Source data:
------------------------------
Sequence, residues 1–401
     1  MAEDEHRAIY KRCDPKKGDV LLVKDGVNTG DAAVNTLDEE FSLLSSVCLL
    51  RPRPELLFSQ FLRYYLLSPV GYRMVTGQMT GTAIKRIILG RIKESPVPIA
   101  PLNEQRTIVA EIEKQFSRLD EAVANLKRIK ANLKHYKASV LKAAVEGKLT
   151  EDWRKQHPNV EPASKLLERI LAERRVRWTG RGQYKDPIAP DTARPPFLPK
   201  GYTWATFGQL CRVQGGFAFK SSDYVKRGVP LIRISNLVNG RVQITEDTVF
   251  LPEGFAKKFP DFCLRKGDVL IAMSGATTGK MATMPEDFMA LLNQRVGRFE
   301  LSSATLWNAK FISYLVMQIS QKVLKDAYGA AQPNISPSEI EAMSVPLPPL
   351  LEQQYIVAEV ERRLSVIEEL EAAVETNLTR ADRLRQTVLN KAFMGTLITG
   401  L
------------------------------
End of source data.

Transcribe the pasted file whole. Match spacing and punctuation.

Sequence, residues 1–401
     1  MAEDEHRAIY KRCDPKKGDV LLVKDGVNTG DAAVNTLDEE FSLLSSVCLL
    51  RPRPELLFSQ FLRYYLLSPV GYRMVTGQMT GTAIKRIILG RIKESPVPIA
   101  PLNEQRTIVA EIEKQFSRLD EAVANLKRIK ANLKHYKASV LKAAVEGKLT
   151  EDWRKQHPNV EPASKLLERI LAERRVRWTG RGQYKDPIAP DTARPPFLPK
   201  GYTWATFGQL CRVQGGFAFK SSDYVKRGVP LIRISNLVNG RVQITEDTVF
   251  LPEGFAKKFP DFCLRKGDVL IAMSGATTGK MATMPEDFMA LLNQRVGRFE
   301  LSSATLWNAK FISYLVMQIS QKVLKDAYGA AQPNISPSEI EAMSVPLPPL
   351  LEQQYIVAEV ERRLSVIEEL EAAVETNLTR ADRLRQTVLN KAFMGTLITG
   401  L